Chicago is a vast city with incredible neighborhoods, sites, and food. All year, we’ll encourage you to take advantage of this city and explore its many neighborhoods, from Lincoln Park to Logan Square to Chinatown (and beyond!).
This post will help you navigate public transport in Chicago. Even if you have a car, public transit will help you get wherever you are going. (For those of you who already live here, feel free to post any tips or helpful info we may have missed down in the comments section). And your devoted Mentors can also offer directions, transport advice, and even correct some Google Map directions to and from Hyde Park! Feel free to email us or pop into the office for additional info.
Chicago has three main systems of transit:
The Subway/ “The L”
For the bus and the subway, the best way to pay is to get a Ventra card. You can get a single ride or one-day ticket, but we recommend you purchase a Ventra card. The card costs five dollars, but that is refunded to you when you register it. So it’s actually free and you add money to it along the way—either online, at a station, or over the phone.
Unfortunately, the Ventra card does not work for the Metra. But Metra stops have places where you can buy a ticket or if that doesn’t work/you just barely caught the train, you can pay on the train in cash (it might cost you a bit extra, though).
And speaking of the Metra, what is it?
The Metra is a commuter line from the south side up into the loop. It is faster than the bus, but it runs less frequently. If you want to take it downtown, or say to Museum Campus, make sure you look up the schedule in advance (especially on the weekend).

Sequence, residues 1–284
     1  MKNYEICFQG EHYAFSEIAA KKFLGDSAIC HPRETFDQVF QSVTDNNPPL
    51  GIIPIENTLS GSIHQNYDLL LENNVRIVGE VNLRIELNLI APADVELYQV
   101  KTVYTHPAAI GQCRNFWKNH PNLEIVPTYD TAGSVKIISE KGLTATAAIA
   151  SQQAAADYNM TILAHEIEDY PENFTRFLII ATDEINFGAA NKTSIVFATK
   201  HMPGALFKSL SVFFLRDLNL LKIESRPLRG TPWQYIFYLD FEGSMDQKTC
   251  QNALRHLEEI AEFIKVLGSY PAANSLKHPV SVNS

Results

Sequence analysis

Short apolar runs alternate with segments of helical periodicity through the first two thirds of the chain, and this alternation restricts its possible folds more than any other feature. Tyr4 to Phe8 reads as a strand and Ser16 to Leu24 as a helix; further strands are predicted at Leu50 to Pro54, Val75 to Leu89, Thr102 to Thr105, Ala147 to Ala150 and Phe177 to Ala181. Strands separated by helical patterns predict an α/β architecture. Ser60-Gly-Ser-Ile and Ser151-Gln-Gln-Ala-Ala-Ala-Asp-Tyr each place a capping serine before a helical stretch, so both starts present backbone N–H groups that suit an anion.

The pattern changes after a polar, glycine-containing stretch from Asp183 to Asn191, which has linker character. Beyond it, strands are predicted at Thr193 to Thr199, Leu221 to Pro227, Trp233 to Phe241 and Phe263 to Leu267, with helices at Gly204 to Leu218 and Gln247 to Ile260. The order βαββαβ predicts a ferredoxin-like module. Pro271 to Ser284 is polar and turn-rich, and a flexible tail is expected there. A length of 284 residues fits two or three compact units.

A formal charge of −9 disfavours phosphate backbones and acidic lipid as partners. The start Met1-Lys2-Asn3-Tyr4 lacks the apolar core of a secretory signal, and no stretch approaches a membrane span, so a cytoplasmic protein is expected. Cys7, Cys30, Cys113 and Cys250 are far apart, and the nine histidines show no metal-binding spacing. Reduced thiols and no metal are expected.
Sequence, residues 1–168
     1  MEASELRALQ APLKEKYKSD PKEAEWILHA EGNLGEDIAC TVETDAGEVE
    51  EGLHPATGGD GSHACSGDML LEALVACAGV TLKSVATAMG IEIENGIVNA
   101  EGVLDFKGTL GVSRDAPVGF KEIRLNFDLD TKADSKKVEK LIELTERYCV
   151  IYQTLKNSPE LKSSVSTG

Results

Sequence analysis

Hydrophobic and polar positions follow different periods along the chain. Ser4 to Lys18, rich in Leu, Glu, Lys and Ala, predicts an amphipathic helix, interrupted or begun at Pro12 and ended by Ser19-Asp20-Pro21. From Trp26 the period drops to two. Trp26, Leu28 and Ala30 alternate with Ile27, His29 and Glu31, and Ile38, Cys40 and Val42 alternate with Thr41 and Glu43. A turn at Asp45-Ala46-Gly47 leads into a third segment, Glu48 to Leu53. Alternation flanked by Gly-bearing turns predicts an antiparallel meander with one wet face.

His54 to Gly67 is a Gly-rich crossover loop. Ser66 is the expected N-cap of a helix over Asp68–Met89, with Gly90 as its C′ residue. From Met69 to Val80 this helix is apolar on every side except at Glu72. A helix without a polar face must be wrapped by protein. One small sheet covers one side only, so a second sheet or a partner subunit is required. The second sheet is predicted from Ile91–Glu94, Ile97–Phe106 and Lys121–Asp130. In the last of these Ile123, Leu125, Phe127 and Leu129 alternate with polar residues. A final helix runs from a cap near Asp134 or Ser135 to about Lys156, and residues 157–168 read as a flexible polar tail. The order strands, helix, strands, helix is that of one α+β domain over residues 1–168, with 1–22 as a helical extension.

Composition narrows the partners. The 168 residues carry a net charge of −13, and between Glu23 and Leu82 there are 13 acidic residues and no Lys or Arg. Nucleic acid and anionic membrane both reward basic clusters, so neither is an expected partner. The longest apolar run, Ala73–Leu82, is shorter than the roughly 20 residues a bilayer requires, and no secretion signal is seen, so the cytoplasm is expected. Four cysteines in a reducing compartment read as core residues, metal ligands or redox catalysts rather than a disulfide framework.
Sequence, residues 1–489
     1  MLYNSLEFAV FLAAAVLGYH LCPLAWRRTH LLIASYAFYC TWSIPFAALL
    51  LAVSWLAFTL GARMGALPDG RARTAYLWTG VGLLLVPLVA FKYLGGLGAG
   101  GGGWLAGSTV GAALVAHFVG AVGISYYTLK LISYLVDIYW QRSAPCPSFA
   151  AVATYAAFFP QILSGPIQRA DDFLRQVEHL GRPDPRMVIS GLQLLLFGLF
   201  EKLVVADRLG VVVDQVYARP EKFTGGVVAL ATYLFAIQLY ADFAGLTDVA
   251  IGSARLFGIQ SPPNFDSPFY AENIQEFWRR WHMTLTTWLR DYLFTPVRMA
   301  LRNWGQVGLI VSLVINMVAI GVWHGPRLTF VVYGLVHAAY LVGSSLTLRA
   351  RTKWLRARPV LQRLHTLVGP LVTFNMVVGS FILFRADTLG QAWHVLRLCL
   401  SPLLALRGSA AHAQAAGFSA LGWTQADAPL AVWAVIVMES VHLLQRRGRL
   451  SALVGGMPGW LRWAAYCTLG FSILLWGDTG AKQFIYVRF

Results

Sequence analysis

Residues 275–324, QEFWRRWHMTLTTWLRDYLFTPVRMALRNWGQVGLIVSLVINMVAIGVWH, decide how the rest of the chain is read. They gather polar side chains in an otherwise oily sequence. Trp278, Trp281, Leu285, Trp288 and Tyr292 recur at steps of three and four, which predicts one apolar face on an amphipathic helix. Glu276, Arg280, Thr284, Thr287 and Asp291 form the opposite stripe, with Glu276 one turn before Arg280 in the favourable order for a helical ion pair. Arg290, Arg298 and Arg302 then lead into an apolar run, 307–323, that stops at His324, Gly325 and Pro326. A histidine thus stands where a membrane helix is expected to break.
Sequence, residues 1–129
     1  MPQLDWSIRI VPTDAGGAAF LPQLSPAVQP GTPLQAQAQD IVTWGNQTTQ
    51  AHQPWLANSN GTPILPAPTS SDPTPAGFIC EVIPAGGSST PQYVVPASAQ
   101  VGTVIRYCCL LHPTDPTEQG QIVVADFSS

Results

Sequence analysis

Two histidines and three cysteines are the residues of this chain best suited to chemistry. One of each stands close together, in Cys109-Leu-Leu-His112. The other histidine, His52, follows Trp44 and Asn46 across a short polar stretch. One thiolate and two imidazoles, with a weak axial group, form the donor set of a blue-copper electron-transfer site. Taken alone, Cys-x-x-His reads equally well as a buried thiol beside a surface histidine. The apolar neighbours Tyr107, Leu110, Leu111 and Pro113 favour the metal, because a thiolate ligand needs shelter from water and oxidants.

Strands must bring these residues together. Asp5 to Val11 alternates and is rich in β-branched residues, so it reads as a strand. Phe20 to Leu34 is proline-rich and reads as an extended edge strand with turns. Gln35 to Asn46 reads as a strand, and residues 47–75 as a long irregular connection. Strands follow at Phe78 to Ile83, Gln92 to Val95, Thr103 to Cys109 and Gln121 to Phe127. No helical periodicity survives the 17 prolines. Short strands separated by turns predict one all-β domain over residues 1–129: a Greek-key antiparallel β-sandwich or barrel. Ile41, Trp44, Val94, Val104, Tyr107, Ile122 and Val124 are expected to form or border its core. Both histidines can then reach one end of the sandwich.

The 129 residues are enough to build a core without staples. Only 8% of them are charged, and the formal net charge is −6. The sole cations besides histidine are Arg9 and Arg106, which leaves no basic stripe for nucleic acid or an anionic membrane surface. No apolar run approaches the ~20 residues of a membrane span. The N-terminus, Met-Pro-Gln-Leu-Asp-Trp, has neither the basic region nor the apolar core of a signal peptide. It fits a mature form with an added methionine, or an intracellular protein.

A few Bus Routes/Lines:
You may want to take the bus within Hyde Park, perhaps on rainy or snowy days. You are in luck! The 170, 171, and 172 all circulate within Hyde Park and are FREE with your student ID. UChicago also has its own night shuttles that run around Hyde Park.
#6 Bus, aka Jackson Park Express: The #6 runs express alongside Lakeshore Drive all day and on the weekends. You can usually get from Hyde Park to the Loop in under 45 minutes, though I again recommend you check schedules and use an app to check for delays (see below).
#2 Bus, aka Hyde Park Express: In Hyde Park, the #2 runs along 60th street and makes its way up to East Hyde Park Blvd, meaning that if you are leaving from campus it is probably the easiest bus to catch. The #2 is mostly filled with commuters (it runs from 7am-9am and from 4pm-6pm) and does not run on the weekend.
#4 Bus, aka Cottage Grove: The #4 runs along Cottage Grove, as you may have guessed from the name. It is less likely everyone will use this line, but in case you need to get around the west side of Hyde Park, this will help.
X28 Bus, aka Stony Island Express: Like the #2, the #28 only runs during the week and during commuting hours. Not to be confused with the regular #28, which only goes to 47th Street.
#55 Bus, aka The Garfield: This will take you up and down 55th street. It is most helpful if you decide to take the Green Line (part of the subway). Taking the bus through Washington Park is generally faster and safer than walking.
And speaking of the Green Line, let’s talk subway.
Both the Green Line and Red Line run west of Washington Park, so they require taking a bus (#55 or #15 for both). However, the #2 and #6 are the easiest and safest ways to get downtown.
Here is a map for the subway, which will usually constitute part of your travels rather than your sole mode of transport out of Hyde Park. No matter which route you choose, always be aware of your surroundings, avoid being on your phone, and travel in groups whenever possible.
CTA Bus Tracker: A site with maps and schedules that track buses live.
Transit Stop: A good app for finding the nearest bus stop and for tracking the next bus.
Embark CTA: Another app for the subway, with a map and time schedules.
Trans Loc: You can use this to track UChicago’s shuttle services.
– Your Mentors